Tyson hopes to resume beef exports with lifting of South Korea ban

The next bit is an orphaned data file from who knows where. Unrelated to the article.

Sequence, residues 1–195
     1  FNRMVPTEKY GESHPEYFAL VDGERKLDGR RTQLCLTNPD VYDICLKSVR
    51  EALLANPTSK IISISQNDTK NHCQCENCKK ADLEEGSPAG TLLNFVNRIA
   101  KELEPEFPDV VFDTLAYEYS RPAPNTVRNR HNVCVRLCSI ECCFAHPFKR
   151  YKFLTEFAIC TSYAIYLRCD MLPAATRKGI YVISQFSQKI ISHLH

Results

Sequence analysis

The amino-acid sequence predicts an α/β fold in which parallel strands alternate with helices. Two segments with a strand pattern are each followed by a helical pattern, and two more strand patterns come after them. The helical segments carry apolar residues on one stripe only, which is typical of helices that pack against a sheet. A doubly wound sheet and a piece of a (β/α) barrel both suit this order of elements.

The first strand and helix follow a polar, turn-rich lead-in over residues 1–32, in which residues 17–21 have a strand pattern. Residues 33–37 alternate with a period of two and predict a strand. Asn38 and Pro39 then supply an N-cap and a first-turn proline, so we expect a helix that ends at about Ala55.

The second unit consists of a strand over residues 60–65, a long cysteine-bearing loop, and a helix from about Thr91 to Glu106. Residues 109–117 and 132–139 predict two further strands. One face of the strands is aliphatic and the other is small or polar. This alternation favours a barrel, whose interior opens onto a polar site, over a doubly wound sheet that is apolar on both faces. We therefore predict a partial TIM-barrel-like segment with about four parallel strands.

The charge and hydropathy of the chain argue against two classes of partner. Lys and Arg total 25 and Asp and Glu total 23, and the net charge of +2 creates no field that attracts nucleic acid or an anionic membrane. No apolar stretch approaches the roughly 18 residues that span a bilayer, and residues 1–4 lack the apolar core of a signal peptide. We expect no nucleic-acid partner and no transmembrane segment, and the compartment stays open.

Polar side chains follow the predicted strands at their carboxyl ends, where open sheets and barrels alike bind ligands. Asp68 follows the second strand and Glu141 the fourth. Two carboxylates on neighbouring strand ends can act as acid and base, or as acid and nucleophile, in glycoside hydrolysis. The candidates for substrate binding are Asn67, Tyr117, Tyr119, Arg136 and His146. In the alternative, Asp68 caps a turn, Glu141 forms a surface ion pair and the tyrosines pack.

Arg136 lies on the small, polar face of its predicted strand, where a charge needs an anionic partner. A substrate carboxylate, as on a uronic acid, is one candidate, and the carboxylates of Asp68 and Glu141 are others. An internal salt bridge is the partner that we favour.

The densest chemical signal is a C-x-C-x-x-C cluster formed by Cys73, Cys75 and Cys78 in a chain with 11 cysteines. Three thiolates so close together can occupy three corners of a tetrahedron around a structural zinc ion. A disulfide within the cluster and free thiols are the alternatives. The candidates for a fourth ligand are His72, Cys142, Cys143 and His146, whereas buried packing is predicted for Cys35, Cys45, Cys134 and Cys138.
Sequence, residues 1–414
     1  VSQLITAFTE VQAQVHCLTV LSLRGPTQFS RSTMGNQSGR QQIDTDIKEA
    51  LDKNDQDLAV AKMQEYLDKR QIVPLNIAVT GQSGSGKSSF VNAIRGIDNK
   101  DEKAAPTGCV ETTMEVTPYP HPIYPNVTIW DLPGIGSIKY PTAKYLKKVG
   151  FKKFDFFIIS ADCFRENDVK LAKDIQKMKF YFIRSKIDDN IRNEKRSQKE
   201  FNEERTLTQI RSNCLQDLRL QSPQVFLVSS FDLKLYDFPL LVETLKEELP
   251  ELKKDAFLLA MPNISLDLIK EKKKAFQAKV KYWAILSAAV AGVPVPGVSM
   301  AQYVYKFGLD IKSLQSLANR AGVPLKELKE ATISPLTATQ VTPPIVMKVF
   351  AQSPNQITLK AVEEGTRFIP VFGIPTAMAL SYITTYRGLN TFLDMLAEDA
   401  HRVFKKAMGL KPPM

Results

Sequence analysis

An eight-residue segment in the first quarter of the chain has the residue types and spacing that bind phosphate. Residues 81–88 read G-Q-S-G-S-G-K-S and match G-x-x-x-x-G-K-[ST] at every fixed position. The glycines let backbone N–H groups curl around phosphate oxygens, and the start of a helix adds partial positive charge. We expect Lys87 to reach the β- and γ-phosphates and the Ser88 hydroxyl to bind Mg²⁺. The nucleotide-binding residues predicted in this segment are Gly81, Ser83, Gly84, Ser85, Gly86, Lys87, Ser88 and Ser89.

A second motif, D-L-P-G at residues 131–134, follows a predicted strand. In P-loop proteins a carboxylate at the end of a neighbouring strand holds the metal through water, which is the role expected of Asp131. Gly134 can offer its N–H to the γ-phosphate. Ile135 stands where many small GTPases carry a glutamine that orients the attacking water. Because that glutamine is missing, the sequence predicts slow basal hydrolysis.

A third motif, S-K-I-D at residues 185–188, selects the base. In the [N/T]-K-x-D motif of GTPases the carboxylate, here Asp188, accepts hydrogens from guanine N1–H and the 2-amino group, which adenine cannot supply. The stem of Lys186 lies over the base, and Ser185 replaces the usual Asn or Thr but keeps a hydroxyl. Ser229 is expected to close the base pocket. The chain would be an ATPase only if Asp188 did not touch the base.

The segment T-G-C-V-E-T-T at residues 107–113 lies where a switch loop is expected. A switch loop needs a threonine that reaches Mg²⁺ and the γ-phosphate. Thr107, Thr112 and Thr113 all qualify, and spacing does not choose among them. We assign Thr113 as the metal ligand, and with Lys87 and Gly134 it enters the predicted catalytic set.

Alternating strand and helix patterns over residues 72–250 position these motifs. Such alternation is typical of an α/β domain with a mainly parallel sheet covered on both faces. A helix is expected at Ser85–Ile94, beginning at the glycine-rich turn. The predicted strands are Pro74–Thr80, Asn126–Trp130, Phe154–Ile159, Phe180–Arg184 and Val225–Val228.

ASIA: Tyson Foods Inc., the world''s largest meat processor, hopes to resume beef sales to South Korea now that the Asian nation has finalized plans to lift a 2003 ban imposed over mad cow disease fears, the Associated Press reports. South Korea had been Tyson''s third-largest foreign beef market. South Korea recently approved resuming imports of U.S. beef after repeated delays in implementing an earlier decision to lift the ban. South Korea''s Agriculture Ministry said 36 U.S. slaughterhouses designated to handle meat for export to South Korea met required safety measures, clearing the last hurdle to the resumption of imports. South Korea will notify the slaughterhouses of the approval, and the beef can start to be sold in the South Korean market some 25 days later, the ministry said in a statement. Tyson''s beef plants are among those 36 slaughterhouses. The company currently operates nine U.S. beef plants, although it recently announced that one plant in Boise, Idaho, will be closed this fall. South Korea shut its doors to U.S. beef imports in December 2003 after the first U.S. case of mad cow disease. In July, Japan lifted its own ban on American beef. Before the ban, Japan was a top destination for U.S. beef, importing $1.4 billion worth a year.